(This is Part 5 of 5, of ‘The Way of Three Mothers at Christmas‘)
My other two mothers, the ones whose stories have been told, were Rida and Ada. Naturally, following my rather far-fetched reasoning process, these names came from the Magi.
the Armenians have Kagpha, Badadakharida and Badadilma
Rida from Badadakharida; Ada from Badadilma.
I’ve saved the name Kagpha for my ‘real’ mother. It suits her well.
As Christmas approached each year, Kagpha grew slightly more frozen than usual. Thanksgiving was a task managed, but then Christmas arrived so quickly.
The important things about Christmas to Kagpha were that it not be celebrated as a religious holiday (for she did not like churches) and that there be a tree – one that was not real (too messy) – and that it be covered with ornaments that were artistic and ‘different’.
She mostly looked forward to the holiday as a time when there would be the chance to travel home, or to where home was as a child – where her brother and his wife and children lived. This took all pressure off the holiday, for her brother’s wife was (as she noted with a certain tone in her voice) a ‘housewife’. This meant that Kagpha would be able to sit on the couch in her more and more frozen-like state, as the activity went on around her, without her participation.
Kagpha may have suffered from depression. Or, it may also have been what her brother claimed: That she was simply a deeply selfish person.
Things got worse than mere frozen-ness, as Christmas came along over the years. Instead of frozen-ness Kagpha had a sense of airy-ness – as if she simply wasn’t there. Then there was a switch, and Christmas-time became a time to celebrate the season as a Wiccan. My mother had decided she was a witch.
She gathered women around her for pagan lunches and dinners, and flaunted jewelry with bold symbols hung over her black dresses that would make those who practiced more traditional religions cringe with fear and distaste. Her anger grew outward.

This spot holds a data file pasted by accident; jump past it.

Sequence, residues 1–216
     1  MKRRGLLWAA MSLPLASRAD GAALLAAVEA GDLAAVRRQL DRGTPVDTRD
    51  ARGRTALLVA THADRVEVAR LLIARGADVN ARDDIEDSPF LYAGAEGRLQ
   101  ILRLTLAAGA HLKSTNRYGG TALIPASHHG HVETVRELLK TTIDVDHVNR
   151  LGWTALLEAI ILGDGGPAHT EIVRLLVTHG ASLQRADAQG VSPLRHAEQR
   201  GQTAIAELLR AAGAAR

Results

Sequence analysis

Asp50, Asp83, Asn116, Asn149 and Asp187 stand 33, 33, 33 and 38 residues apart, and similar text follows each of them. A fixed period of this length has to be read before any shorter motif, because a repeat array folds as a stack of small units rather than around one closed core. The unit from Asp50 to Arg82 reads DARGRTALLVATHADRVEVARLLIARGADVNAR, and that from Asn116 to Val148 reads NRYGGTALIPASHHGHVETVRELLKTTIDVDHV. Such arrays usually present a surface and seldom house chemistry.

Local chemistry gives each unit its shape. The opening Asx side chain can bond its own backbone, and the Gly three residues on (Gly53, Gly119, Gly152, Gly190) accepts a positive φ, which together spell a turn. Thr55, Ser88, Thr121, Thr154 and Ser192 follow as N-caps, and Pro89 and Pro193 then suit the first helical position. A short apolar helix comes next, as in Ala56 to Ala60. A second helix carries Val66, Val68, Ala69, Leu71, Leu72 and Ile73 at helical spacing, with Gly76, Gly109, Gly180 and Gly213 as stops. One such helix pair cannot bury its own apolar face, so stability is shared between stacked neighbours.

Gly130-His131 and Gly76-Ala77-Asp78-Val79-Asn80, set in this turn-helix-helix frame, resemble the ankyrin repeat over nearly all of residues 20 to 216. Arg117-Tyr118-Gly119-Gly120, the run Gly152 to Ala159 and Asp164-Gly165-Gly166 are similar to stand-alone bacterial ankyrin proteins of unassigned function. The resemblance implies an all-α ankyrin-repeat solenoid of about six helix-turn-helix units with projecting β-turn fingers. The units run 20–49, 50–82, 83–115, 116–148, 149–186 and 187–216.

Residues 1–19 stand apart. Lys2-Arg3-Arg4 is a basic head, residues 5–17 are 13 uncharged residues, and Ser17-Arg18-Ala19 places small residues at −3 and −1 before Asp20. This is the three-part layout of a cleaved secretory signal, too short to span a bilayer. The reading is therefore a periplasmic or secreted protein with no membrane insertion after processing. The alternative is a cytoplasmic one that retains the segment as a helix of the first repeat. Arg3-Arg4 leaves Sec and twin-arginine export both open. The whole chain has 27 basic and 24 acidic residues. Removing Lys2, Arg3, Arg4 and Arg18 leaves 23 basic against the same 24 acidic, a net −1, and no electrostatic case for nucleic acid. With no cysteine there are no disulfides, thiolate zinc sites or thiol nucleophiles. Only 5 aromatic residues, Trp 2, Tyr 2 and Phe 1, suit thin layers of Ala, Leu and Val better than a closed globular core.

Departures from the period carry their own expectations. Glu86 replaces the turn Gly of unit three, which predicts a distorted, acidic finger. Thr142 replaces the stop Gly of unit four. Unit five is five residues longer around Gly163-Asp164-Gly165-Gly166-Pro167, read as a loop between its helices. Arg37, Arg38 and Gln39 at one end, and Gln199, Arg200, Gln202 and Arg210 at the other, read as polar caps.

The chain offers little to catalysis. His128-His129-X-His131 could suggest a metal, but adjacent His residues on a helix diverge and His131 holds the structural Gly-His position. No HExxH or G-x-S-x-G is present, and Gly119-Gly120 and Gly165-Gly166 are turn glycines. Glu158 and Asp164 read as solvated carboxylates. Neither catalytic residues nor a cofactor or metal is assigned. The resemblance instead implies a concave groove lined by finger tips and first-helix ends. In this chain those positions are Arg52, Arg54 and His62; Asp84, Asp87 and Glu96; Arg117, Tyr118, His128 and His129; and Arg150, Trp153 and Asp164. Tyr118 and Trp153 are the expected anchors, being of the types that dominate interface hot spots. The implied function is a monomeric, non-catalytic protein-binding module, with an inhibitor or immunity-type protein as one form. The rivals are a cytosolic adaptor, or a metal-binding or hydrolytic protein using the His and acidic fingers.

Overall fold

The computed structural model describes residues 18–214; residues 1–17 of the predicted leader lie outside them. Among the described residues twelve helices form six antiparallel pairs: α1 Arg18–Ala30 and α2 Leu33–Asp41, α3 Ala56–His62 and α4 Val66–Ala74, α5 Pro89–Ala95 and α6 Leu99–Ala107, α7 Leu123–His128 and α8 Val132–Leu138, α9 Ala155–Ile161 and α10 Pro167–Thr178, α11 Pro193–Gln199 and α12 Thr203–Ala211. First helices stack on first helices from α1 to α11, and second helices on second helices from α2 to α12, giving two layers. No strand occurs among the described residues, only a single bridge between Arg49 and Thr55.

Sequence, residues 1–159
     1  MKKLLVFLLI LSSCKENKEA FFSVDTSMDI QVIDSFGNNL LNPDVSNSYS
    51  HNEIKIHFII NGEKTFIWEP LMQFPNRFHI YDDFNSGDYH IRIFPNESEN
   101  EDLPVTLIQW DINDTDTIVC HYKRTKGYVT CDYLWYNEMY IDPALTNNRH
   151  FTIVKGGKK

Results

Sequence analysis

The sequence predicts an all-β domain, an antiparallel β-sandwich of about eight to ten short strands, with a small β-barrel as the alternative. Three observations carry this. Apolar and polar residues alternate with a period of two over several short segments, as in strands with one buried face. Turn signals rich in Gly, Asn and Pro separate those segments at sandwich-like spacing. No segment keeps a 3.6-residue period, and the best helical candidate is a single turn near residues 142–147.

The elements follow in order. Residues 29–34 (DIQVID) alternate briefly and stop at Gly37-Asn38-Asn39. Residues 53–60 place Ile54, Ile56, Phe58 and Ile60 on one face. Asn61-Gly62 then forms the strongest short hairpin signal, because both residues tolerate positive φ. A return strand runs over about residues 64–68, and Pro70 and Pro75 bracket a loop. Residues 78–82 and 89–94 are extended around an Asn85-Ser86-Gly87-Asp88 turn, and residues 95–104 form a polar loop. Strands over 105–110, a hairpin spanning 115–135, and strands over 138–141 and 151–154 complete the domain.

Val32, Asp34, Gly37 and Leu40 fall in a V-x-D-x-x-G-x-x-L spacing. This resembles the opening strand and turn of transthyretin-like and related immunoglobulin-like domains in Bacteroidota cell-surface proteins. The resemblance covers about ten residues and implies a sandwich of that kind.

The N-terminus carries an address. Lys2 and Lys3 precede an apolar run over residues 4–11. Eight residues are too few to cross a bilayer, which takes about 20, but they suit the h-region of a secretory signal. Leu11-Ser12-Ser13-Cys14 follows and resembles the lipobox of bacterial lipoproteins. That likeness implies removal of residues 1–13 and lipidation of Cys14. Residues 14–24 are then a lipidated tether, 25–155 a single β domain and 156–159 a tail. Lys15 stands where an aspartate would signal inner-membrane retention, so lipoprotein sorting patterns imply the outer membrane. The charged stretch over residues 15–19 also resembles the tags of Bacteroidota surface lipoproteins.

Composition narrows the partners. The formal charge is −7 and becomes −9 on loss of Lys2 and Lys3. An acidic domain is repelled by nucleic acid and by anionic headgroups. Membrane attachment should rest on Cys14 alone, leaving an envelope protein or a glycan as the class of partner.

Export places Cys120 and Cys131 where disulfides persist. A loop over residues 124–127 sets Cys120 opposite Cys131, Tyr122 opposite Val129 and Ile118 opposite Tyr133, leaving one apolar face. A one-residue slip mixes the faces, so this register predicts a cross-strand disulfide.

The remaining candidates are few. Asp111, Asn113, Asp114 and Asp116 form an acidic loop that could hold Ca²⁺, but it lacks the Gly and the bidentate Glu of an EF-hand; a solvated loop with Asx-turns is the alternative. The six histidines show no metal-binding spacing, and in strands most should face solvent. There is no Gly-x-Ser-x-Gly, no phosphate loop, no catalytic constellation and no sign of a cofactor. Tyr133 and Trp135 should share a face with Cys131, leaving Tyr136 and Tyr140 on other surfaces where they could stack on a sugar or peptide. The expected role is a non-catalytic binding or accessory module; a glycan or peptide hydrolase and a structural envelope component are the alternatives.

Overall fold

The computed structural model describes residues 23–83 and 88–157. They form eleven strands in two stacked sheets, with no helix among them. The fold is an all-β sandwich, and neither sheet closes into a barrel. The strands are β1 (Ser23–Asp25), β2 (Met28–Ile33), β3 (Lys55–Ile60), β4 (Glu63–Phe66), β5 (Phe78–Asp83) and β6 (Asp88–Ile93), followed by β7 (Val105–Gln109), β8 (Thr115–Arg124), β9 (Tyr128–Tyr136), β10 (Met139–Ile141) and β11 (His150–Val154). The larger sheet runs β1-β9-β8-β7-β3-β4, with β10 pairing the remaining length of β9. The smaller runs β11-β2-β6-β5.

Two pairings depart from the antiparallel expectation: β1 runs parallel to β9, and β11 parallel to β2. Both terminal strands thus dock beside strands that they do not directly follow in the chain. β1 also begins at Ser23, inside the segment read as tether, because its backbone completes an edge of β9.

But these times passed, and being a witch turned out to be not all it was chalked up to be, for Kagpha. The pagan celebrations were discarded, and in their place was nothing.
The last Christmas I remember with Kagpha, she said she did not want to cook. She did not want to buy presents. She did not want to do anything, she said – but the undertones in her voice belied the words.
So I made a dinner. A ham, some vegetables – fresh and good. Two desserts. And I brought it to Kagpha and hoped it would make her happy.
It did, but then there was the ham bone to deal with. The ham bone. Kagpha wanted to know if I wanted the ham bone. Why, yes – I said. I’ll take it home with me next time I see you, if that’s okay. I don’t really feel like carrying a ham bone home right now. Could you stick it in the freezer?
Kagpha’s freezer was empty but for two packages of Stouffer’s Welsh Rarebit, so I thought that would be okay.
But the ham bone was not to be forgotten. The ham bone was in her freezer, and it bothered her. The phone calls started coming every few days, then every day, then several times a day.
When are you coming to get the ham bone? Kagpha would ask. The ham bone is in my freezer! she would say, with hints of anger at the edges of her voice. How long do you expect me to keep this here???!!! she would close-to-shriek, over the telephone – the telephone which I now feared to answer.
Gathering my courage to face Kagpha, my mother, my only real mother – I called her. Please throw it away, I said. I don’t want it. Thanks, for the freezer space.
Christmas. It had come down to a ham bone which had somehow transformed into a scapegoat, for Kagpha.
Kagpha’s gift offered was the chance to develop empathy. There is often someone around who may need it.
Each mother has a Christmas food associated with her. Rida: Sausage Bread. Ada: A dish of rich delicious bitter greens with garlic. Kagpha: Well – nothing will ever erase that ham bone from my memory, that is certain.
I’ve had three mothers at Christmas. I’ve been lucky in that way.